Here is an example of an Identity:
The attestation schema provides some interesting capabilities worth highlighting:
- Different levels of privacy are available to the user for storing the attested data: verified but not stored (in this case only a boolean indicates data was verified), stored as a hash, or stored raw. For example a person using the Origin marketplace to buy an item may not want her identity attestation to show her raw email or phone number. On the other hand, a business selling on the Origin marketplace would want to be as transparent and open as possible and have their contact information in the open.
- Description of the verification method used by the attester. For example was the phone verified by SMS or by making a call?
- Information about the attestation issuer, including name of the organization, URL, etc.
- Attestation issue and expiration dates.
The realm of possible attestation types and verification methods is very large — in this first iteration for those schemas, we did not attempt to be comprehensive but rather wanted to get an initial version into the hands of our users and partners before continuing to iterate. As such, all those schemas are versioned so that we can release future improvements.
The attestation server acts as a bridge between the Origin Protocol decentralized application and centralized systems such as email, phone, and social networks. Upon receiving requests from the Origin DApp, the attestation server attempts to verify claims from users (for example, verification that a user really owns a phone number, email, or social handle). The type of verification methods vary depending on the claim type itself. Origin does not write your personal information to the blockchain, but signs attestations and hands them back to you to publish if you so choose.
As a community service, Origin runs an attestation server and open sources its code. Our vision is that 3rd-party entities will also offer attestation services and that users will be able to choose which attestation service to use.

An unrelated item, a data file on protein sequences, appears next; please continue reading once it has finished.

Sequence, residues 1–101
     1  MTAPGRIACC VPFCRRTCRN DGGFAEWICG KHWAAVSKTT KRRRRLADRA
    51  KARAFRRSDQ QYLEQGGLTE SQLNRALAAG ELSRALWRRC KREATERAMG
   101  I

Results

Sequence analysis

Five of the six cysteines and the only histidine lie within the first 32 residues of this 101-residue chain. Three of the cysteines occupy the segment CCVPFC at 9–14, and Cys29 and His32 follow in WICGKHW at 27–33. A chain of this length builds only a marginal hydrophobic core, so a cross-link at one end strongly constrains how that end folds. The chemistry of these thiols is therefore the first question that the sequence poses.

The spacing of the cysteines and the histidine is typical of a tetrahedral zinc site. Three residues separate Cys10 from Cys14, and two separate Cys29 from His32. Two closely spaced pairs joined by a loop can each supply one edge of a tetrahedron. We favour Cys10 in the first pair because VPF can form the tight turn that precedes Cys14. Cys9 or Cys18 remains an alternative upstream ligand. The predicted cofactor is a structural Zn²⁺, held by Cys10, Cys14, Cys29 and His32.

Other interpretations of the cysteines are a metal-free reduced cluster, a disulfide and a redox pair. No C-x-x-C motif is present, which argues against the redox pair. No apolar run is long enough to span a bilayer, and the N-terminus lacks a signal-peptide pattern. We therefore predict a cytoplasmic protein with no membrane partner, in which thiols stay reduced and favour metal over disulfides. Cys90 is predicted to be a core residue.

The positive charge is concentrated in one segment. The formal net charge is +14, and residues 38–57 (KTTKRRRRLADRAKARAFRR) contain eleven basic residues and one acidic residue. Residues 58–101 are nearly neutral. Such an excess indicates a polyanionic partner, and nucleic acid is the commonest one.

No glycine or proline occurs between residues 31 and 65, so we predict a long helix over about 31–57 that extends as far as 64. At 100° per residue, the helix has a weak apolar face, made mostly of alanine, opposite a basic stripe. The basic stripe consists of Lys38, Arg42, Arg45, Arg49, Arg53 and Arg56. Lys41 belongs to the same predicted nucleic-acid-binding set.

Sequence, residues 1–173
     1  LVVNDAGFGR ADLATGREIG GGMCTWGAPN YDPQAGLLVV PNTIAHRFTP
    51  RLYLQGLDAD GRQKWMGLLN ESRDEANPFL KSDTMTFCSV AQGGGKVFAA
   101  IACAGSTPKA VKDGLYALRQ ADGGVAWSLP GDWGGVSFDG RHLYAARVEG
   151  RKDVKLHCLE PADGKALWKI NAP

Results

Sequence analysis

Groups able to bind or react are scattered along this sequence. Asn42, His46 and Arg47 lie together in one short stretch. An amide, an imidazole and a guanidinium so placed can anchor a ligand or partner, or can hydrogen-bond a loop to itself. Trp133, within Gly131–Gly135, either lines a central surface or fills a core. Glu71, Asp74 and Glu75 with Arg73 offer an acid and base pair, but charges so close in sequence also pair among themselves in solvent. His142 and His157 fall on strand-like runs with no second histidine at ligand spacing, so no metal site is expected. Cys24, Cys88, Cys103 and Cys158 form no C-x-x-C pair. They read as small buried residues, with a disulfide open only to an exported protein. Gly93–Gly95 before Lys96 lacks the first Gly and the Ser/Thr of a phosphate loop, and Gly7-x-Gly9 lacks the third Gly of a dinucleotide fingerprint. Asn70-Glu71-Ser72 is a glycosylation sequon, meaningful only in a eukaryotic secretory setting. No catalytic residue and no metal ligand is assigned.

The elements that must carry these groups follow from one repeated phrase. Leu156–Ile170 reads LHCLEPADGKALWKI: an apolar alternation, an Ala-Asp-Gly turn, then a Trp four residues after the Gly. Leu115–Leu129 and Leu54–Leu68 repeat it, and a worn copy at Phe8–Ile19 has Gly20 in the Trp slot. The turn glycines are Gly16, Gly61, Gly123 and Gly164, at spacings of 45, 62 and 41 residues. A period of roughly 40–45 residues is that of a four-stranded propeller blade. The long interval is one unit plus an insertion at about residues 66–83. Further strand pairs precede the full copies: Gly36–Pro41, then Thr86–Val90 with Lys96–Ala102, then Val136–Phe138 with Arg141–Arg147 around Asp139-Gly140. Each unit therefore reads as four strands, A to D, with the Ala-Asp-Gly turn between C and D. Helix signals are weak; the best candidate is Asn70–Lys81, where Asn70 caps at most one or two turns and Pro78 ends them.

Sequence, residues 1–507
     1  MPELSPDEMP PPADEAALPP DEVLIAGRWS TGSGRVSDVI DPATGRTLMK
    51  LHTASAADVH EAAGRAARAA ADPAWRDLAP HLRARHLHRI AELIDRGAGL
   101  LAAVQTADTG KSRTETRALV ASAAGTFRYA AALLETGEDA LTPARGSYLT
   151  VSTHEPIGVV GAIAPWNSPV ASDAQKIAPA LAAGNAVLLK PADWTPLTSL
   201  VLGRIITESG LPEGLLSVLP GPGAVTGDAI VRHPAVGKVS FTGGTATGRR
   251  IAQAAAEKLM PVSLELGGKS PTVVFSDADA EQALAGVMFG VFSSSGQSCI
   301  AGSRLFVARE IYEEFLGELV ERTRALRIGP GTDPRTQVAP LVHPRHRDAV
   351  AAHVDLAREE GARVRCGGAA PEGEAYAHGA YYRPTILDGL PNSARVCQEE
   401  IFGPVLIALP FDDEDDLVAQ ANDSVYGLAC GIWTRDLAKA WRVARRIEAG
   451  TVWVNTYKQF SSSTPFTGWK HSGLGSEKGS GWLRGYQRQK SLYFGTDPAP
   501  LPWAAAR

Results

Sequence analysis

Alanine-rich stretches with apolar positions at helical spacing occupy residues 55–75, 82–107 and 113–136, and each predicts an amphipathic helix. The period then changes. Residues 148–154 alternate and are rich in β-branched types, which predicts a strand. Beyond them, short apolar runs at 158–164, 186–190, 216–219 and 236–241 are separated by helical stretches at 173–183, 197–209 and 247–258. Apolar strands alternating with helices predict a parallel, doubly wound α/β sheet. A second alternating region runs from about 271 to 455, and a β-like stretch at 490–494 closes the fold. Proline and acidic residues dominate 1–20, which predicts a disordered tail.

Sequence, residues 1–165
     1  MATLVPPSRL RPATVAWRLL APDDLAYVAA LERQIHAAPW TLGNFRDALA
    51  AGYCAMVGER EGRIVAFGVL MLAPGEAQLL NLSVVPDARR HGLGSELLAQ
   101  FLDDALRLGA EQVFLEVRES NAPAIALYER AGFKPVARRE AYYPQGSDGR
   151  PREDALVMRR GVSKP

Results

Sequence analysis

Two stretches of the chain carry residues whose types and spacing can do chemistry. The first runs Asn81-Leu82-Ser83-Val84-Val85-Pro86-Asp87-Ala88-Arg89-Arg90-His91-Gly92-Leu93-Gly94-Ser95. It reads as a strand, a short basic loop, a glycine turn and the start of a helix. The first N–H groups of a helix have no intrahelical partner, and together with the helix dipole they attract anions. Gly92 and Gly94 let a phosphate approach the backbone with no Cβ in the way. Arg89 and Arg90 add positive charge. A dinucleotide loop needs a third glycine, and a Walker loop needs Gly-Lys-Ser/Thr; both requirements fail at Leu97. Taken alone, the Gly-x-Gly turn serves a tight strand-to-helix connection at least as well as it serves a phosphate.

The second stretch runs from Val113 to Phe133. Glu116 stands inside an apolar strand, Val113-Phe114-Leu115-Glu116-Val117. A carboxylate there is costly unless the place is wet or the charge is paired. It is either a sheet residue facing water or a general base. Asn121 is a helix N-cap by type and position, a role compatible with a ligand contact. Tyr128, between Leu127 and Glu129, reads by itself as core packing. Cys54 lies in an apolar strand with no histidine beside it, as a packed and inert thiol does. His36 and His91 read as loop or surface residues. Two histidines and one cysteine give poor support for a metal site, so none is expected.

What about ERC standards?
The Origin team is a strong supporter of the work done by the ERC 725 Alliance, which we helped launch and have been actively working on improving that standard. While we don’t have any immediate plans to implement the revised ERC725 in our DApp, we will continue to support it and contribute to its development. Today, ERC-725 continues to be the best option for anyone that requires on-chain validation of claims.
We’re looking forward to collaborating with other projects that are focused on solving the challenges around identity, including uPort and 3Box. We think the standardization of how claims and attestations are structured is more important than where they are stored. We look forward to working with the community in coming up with shared standards that we can all benefit from.
Our new Identity system meets the main objectives we had defined when we started this project:
- Minimal cost for creating and updating a profile on the blockchain (a few pennies).
- Open and extensible format for storing profile and attestation data.
- Decentralized profiles without a single point of failure.
With this foundation in place, our team is now shifting its focus to promoting user growth on the Origin marketplace platform.
Try out Origin Identity today ! Go to the Origin DApp and create a profile and a few attestations for yourself. We look forward to seeing you on the Origin platform!
Learn more about Origin:
- Buy and sell on our DApp: dapp.originprotocol.com
- Create your own marketplace: originprotocol.com/creator
- Connect with our team on Discord: originprotocol.com/discord
- Learn more on our website: originprotocol.com
Thanks to Fabian VogelSteller, Nick Poulden, Filip Lazovic, Tyler Ysaka, Daniel Von Fange, Stan James, and Josh Fraser.